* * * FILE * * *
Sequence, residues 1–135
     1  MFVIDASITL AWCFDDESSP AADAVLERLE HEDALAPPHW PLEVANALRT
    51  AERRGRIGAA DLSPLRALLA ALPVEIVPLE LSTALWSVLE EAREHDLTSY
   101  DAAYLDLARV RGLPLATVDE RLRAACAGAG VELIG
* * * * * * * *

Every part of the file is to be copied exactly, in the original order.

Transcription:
Sequence, residues 1–135
     1  MFVIDASITL AWCFDDESSP AADAVLERLE HEDALAPPHW PLEVANALRT
    51  AERRGRIGAA DLSPLRALLA ALPVEIVPLE LSTALWSVLE EAREHDLTSY
   101  DAAYLDLARV RGLPLATVDE RLRAACAGAG VELIG